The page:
11/07/2014 12:27 pm ET Updated Jan 07, 2015

A Matter of 'National Security' (and Beer)

Congress approved the Dodd-Frank Wall Street Reform Act in response to world financial calamity. Though delayed and diluted, the reform legislation has led to substantial improvements in consumer protections such as new requirements for regulation of swaps contracts. So those who seek to undo any of the popular reforms would need a pretty good excuse. Commissioner Christopher Giancarlo of the Commodity Futures Trading Commission (CFTC) offered this reason for a newly proposed rollback: national security.

"National security" is at stake, he said at a Commission meeting Nov. 3, referring to a tongue twisting issue involving "embedded volumetric optionality." Giancarlo, the newly confirmed Republican on the commission, which regulates the high-risk derivatives market, explained himself with a story. He recently visited a Kentucky aluminum smelter. They sell aluminum to many firms. Some make beer cans; some make US fighter jets. The Kentucky firm competes globally for such business.

To power the plant, the aluminum smelter buys energy. Often, it buys energy for actual future delivery in contracts called "forwards." Forwards are subject to conventional trade law. Disputes are settled in court. If, however, these contracts contain provisions that allow for options, such as the option to sell to another buyer on an exchange and could be used for speculation, they legally become known as "futures." Then these energy contracts are regulated by the CFTC.

Being regulated by the CFTC, according to Giancarlo, is such a competitive disadvantage that it would threaten the existence of the Kentucky smelter. That means no Kentucky-made aluminum for US fighter jets. That means no US fighter jets. And that would mean no "national security." Actually, Giancarlo didn't itemize the damage to the overall US fighter jet supply, but he did invoke national security. As such, surely he exaggerates.

Volumetric optionality simply means that an options contract to purchase commodities allows the purchaser to receive a varying amount of the underlying product. The prevailing CFTC guidance allows such an agreement to be considered an "unregulated contract" only when the volume may be affected by physical factors beyond either party's control--for example if a fire destroyed half the trucks needed to transport the commodity.

What the industry seeks and what the CFTC is now proposing is to release more contracts from oversight by broadening the definition of "optionality." The newly proposed language provides that a unregulated "forward" contract "must be primarily intended . . . to address physical factors . . . that reasonably influence demand for, or supply of, the nonfinancial commodity." In other words, if a Minnesota power plant needs less natural gas owing to a mild winter, the forward option can provide that they purchase less than the maximum under the contract, and such a contract would no longer be subject to regulation by the CFTC.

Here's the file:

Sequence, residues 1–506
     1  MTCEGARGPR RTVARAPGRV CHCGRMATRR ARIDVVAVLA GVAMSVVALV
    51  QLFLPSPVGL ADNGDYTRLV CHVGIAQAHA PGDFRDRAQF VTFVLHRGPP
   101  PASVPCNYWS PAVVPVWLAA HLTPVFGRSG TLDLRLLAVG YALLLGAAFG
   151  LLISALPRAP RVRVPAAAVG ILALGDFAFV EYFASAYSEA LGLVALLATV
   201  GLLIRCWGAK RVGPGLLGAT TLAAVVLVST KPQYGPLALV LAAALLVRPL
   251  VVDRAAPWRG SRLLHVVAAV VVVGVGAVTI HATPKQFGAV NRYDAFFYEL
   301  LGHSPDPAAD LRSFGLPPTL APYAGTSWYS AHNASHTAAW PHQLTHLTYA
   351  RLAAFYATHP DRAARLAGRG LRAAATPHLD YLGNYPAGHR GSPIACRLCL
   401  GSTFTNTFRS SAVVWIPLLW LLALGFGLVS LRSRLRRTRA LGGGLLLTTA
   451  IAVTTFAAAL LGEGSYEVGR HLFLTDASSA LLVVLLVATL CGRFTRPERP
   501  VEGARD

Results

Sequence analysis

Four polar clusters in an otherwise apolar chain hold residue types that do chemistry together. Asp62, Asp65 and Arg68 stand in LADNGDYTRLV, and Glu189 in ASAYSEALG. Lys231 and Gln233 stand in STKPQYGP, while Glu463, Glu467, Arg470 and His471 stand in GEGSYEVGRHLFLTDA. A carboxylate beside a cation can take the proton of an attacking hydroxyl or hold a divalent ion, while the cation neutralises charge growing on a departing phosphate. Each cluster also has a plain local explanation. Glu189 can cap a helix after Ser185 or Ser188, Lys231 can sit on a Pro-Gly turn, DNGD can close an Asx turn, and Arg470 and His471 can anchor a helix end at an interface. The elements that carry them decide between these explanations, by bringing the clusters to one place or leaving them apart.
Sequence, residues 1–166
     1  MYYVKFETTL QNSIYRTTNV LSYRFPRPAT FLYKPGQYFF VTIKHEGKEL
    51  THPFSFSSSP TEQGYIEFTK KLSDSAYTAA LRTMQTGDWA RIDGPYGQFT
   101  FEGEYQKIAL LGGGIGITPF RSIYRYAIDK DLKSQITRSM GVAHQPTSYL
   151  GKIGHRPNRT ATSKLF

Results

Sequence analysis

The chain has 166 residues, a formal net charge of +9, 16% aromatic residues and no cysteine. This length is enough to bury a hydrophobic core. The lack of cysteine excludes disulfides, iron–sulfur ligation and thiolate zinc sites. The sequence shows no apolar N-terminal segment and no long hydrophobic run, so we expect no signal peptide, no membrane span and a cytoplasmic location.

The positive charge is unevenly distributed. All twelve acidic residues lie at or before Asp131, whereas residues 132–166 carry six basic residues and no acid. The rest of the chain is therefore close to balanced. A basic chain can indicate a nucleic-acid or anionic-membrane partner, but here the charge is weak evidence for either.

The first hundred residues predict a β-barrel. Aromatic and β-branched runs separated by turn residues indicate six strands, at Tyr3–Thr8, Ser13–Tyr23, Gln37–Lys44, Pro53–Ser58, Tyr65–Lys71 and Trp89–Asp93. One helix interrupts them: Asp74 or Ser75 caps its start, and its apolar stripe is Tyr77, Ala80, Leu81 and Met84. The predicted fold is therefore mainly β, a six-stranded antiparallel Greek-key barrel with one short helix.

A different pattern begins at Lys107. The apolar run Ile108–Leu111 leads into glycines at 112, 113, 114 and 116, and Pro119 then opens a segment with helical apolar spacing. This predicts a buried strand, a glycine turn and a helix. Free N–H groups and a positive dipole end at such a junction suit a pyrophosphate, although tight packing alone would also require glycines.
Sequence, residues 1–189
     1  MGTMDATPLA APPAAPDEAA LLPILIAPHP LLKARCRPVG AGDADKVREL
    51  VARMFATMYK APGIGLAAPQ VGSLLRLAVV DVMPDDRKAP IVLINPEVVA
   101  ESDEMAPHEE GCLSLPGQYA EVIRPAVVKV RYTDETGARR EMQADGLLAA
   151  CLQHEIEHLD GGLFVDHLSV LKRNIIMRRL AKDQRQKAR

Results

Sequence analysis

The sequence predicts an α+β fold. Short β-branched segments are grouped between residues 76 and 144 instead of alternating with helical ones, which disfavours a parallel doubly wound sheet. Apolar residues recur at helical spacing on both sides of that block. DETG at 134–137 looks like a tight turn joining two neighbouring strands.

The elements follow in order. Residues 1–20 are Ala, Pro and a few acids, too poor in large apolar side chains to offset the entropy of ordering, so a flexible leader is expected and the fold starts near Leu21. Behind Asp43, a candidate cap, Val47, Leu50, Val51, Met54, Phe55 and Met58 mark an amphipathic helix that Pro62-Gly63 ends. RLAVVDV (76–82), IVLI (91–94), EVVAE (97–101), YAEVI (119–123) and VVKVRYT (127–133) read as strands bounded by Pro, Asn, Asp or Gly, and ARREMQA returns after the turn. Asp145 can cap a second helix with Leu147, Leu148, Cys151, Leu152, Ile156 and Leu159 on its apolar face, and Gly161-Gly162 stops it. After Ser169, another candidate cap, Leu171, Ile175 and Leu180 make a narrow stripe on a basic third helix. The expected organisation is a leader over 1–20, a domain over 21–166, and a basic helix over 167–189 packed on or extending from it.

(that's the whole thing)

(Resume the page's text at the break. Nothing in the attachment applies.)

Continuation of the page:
By excluding these types of contracts from CFTC oversight, experts are concerned this arena might become an alley for bad actors who thrive in the dark. Think Enron. Enron exploited a 1993 loophole that arguably wreaked havoc with consumer energy prices. It's not clear what games a modern-day Enron might play with the proposed exclusion from CFTC oversight of the volumetric optionality forward. But lack of oversight has invited manipulators before.

CFTC Commissioner Sharon Bowen shares this concern and invokes the same historical misadventure. In comments at the Nov. 3 meeting, she noted, "In 1993, one Commissioner [well known financial reformer, Sheila Bair,] cast the lone dissenting vote. . . . She argued that exempting energy derivatives from regulation would . . . leave the public unprotected. Today's proposal seems to go farther.. . . . Whereas with an exemption, there is the ability to later tailor it to fit the precise needs of the market and the public, there is no turning back from an exclusion."

Be careful of broad exclusions, Bowen warns. Better to allow temporary exemptions, where the CFTC can more readily reverse course if necessary. Instead of the permanent volumetric optionality exclusion, Bowen urges the commission to finalize its proposed revocable exemption for what it calls "trade options." Trade options would still include the ability to accept varying volumes of a commodity while keeping these contracts within CFTC oversight by requiring disclosure. Users of the trade option exemption must simply complete an annual form listing name of firm, name of commodity, and amount of commodity delivered in the previous year.

Such accountings would hardly be a burden for a Kentucky aluminum smelter. It's a "much clearer and cleaner approach," concludes Bowen. The exemption would leave markets less inviting to a new Enron because of disclosure while providing for national security and beer.